We simply must draw more American oil from American soil if we are to have the resources we need to achieve energy independence. We support accelerated exploration and drilling of American sources, from oilfields off the nation’s coasts to proven fields such as those in Montana, North Dakota, and Alaska. The Green River Basin in Colorado, Utah, and Wyoming offers recoverable shale oil that is ready for development, and most of it is on federal lands. We should also embrace our open trading relationship with our friends in Canada, which is second only to Saudi Arabia in proven oil reserves.
To deliver that energy to American consumers, we will expand our refining capacity. Because of environmental extremism and regulatory blockades in Washington, not a single new refinery has been built in this country in 30 years. We will encourage refinery construction 1 and modernization and, with sensitivity to environmental concerns, an expedited permitting process.
Nuclear Power: the Earth’s Clean Future

Nuclear energy — a gift to mankind implanted in matter itself — is the most reliable zero-carbon emissions source of energy that we have. Unwarranted fearmongering that has no relationship to current technologies and safeguards has prevented us from starting construction of a single nuclear power plant in 31 years. Meanwhile, the U.S. Navy has for decades relied upon nuclear vessels, while other advanced nations have harnessed nuclear power to provide a major portion of their energy consumption. There is no reason why the United States cannot do the same. Confident in the promise offered by science and technology, Republicans will pursue dramatic increases in the use of safe, affordable, reliable — and clean — nuclear power.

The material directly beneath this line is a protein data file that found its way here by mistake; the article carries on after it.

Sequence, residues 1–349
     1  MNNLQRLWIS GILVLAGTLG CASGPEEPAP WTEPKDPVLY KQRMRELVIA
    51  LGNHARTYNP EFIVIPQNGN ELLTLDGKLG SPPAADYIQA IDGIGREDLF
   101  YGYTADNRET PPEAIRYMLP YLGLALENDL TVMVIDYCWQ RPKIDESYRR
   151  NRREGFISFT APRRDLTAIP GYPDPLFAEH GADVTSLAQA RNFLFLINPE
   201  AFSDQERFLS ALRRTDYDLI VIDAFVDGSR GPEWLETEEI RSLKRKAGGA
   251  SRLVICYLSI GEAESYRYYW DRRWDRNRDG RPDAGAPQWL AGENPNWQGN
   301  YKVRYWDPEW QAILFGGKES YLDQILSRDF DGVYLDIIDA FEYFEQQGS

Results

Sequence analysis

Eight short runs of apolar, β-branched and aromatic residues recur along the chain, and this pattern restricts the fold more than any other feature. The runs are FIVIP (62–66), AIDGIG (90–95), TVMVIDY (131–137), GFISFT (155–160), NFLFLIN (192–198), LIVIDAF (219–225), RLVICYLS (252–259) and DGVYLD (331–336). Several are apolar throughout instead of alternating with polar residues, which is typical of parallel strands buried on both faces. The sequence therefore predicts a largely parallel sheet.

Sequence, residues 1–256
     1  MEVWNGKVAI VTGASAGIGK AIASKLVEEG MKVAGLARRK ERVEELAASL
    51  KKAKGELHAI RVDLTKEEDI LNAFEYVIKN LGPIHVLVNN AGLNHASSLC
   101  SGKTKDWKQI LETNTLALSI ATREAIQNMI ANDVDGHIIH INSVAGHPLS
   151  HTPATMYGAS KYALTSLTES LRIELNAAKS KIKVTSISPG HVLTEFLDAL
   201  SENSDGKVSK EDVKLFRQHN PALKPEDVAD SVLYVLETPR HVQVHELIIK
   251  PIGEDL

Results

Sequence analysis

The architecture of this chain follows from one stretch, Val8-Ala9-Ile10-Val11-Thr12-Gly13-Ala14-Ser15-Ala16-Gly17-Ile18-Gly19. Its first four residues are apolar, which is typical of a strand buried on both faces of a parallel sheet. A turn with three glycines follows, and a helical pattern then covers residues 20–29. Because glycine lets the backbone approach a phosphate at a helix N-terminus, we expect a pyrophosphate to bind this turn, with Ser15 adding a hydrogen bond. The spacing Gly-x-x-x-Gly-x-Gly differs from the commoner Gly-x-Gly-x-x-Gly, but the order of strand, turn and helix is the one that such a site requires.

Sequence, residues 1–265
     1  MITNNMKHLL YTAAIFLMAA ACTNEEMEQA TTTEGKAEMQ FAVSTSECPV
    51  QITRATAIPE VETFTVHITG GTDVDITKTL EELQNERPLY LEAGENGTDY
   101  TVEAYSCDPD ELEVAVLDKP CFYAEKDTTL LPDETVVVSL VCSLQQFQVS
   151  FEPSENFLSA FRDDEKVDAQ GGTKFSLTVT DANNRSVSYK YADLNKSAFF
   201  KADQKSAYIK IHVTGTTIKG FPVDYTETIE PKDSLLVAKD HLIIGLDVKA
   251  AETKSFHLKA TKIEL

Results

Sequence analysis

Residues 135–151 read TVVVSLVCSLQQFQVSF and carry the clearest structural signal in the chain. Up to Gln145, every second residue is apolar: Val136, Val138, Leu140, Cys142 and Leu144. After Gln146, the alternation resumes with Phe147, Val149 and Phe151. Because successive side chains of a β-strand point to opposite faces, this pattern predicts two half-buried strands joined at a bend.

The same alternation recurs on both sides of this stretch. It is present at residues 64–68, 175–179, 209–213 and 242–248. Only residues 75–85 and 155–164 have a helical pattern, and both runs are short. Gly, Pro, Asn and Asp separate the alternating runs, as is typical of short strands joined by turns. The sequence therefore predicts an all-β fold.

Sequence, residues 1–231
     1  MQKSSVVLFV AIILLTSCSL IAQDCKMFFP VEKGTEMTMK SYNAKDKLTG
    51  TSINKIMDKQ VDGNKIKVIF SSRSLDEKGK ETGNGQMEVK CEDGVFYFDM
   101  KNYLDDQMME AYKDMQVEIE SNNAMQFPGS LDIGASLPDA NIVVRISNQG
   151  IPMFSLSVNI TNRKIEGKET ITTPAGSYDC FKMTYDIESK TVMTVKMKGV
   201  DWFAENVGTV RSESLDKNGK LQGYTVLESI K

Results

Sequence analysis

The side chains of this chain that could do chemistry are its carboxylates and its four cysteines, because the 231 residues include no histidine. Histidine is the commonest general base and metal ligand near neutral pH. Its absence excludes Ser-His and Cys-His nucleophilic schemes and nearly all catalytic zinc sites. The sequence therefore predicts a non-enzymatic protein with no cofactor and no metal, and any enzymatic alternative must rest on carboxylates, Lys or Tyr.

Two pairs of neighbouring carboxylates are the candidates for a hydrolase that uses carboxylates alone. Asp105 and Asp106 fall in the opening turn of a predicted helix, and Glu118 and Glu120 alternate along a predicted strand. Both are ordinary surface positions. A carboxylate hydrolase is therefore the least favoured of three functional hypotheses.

As new plants are constructed using the highest safety and operation standards, the nation’s industrial and manufacturing base will be rejuvenated. The labor force will expand, with nearly 15,000 high quality jobs created for every new nuclear plant built — and those workers will lead the nation away from its dependence on foreign oil.
Solar, Wind, Geothermal, Hydropower

Alternate power sources must enter the mainstream. The technology behind solar energy has improved significantly in recent years, and the commercial development of wind power promises major benefits both in costs and in environmental protection. Republicans support these and other alternative energy sources, including geothermal and hydropower, and anticipate technological developments that will increase their economic viability. We therefore advocate a long-term energy tax credit equally applicable to all renewable power sources.
Clean Coal

Although alternate fuels will shape our energy future, coal — America’s most affordable and abundant energy resource and the source of most of our electricity — remains a strategic national resource that must play a major role in energy independence. We look to innovative technology to transform America’s coal supplies into clean fuels capable of powering motor vehicles and aircraft. We support coal-to-liquid and gasification initiatives, just as we support investment in the development and deployment of carbon capture and storage technologies, which can reduce emissions. No strategy for reducing energy costs will be viable without a commitment to continued coal production and utilization.
Natural Gas

Natural gas is plentiful in North America, but we can extract more and do a better job of distributing it nationwide to cook our food, heat our homes, and serve as a growing option as a transportation fuel. Both independently and in cooperation with alternative fuels, natural gas will be an essential part of any long-term energy solution. We must ensure it gets to consumers safely and quickly.